Every deal-breaker was suddenly up for grabs - "This is the last straw! I should definitely not tolerate this behavior! Or should I? I mean, everybody loves Mr. Special. Am I the one overreacting here?"

The constant second-guessing of my person and values (again, largely imposed by myself and society - though occasionally reinforced by Mr. Special), left me feeling drained, on edge and, often, slightly nuts.

My behavior would then echo my mental chaos.

By about month three, I'd be close to daily mental breakdown.

But in two of my three SPECIAL relationships, this hell wasn't enough to break the bond. In two of the three, I managed to stretch the dysfunction out into one and two years, respectively.

It was a nightmare of my own making.

At least partly.

Now I think I should pause at this point to say, very clearly, I know absolutely nothing of Correa's relationship. The man could be The Second Coming, and his fiancee the very essence of Angel-on-Earth. They certainly look happy, and I wish them every happiness. I hope theirs is one for the ages, and, for all I know, it could be.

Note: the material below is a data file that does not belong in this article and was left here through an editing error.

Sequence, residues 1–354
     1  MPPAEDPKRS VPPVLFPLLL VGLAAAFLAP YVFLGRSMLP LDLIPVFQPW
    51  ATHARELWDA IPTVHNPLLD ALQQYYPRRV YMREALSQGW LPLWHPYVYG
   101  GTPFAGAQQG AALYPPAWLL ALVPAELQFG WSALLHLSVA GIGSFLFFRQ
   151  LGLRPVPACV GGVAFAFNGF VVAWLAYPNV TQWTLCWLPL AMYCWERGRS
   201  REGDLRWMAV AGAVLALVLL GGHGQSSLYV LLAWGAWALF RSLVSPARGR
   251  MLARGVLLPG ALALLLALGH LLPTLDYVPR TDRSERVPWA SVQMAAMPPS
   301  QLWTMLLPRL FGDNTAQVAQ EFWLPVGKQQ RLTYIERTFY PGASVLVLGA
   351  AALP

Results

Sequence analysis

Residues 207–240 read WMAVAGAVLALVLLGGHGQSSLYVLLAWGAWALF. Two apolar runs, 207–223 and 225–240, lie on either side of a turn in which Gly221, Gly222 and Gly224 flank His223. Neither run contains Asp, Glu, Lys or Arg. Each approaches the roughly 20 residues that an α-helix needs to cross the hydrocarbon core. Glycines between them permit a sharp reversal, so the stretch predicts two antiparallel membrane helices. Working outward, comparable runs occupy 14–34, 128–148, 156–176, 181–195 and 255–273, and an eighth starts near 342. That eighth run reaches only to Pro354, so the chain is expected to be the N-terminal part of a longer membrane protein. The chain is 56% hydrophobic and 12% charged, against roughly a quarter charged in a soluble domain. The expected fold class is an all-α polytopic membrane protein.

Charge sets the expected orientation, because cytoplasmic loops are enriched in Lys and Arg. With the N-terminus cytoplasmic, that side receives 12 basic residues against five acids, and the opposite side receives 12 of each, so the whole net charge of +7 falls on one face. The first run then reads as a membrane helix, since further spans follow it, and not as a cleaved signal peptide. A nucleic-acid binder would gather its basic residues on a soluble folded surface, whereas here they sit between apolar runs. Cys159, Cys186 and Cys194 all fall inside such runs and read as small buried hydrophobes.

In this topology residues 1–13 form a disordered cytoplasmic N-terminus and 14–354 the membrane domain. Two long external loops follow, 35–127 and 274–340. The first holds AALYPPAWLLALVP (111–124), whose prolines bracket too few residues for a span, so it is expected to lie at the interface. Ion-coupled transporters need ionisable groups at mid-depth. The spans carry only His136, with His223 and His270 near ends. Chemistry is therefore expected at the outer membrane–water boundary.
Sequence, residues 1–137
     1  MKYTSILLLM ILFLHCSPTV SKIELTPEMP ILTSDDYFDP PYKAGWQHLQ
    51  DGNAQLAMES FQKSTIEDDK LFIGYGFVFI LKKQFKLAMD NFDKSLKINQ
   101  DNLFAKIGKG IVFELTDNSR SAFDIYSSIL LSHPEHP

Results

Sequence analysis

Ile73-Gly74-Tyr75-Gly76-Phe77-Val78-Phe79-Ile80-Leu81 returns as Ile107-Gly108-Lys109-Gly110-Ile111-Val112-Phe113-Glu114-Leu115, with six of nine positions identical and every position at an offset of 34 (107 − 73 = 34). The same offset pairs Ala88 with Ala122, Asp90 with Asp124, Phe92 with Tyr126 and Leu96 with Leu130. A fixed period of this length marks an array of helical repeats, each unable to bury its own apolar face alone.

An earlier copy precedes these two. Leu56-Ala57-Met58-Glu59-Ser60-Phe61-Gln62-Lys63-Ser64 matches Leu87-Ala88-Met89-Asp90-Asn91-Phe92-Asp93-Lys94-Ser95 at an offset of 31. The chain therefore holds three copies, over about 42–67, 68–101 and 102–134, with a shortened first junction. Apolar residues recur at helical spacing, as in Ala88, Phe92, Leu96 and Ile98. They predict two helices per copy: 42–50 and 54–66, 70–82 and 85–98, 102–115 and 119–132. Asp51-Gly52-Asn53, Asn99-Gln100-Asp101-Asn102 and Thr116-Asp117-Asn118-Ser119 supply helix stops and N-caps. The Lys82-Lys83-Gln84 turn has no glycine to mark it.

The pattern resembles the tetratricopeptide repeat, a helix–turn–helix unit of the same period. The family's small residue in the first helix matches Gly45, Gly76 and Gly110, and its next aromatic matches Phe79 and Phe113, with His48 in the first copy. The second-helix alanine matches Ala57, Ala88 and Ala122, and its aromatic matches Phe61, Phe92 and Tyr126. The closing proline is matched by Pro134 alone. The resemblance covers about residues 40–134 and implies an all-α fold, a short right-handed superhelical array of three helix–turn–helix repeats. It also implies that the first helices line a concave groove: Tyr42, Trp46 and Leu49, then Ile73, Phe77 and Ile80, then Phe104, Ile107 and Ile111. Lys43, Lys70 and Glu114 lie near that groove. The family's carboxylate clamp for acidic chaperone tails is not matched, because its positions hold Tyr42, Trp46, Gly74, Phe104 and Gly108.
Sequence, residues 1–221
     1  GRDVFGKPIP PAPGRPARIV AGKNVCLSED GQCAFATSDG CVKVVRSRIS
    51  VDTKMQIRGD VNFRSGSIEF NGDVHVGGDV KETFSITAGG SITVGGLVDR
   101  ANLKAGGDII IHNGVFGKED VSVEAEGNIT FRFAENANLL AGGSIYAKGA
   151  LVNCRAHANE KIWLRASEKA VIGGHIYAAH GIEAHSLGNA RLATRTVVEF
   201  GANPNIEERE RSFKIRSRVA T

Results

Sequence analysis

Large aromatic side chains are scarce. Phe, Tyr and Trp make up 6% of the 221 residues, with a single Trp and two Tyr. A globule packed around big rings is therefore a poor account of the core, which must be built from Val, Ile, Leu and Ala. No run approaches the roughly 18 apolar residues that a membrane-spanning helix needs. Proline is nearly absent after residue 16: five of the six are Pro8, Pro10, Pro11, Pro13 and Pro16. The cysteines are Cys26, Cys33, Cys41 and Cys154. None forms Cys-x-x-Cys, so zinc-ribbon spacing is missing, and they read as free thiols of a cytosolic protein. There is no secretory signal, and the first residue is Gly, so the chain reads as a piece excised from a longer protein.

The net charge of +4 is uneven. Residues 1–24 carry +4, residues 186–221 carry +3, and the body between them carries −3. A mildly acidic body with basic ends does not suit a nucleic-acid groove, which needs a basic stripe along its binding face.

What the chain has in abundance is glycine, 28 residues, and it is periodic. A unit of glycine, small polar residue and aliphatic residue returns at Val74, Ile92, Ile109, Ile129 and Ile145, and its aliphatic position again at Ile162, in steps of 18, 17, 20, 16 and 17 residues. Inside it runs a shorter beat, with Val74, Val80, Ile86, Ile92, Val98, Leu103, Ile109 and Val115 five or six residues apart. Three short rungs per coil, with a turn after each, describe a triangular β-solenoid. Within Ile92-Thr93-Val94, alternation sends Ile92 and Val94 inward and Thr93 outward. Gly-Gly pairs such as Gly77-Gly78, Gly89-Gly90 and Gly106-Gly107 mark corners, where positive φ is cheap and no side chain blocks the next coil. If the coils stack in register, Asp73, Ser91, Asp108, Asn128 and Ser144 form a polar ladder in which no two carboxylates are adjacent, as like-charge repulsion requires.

All I am saying is, watching the very sweet proposal at the conclusion of Game 7 got me thinking about my own past, and how difficult it was to be in a relationship with someone the world wanted to worship. Especially as I WAS NOT someone the world wanted to worship.

And I'd say that therein lies the key - that so long as the couple is on the same social footing, perhaps the pressure is less. Perhaps, when both people are A-list and desired, some of that pressure goes away.

But I doubt it does.

Incessant eyes, constant scrutiny, and unending temptation have proved the demise for countless power couples. So I suppose the pressure is intense no matter how SPECIAL the pairing.

Relationships are hard. Throw fame and all its pitfalls into the mix, and I don't know how any of them survive.

Those that do must be SPECIAL.

And that's the kind of "special" I'd like to be.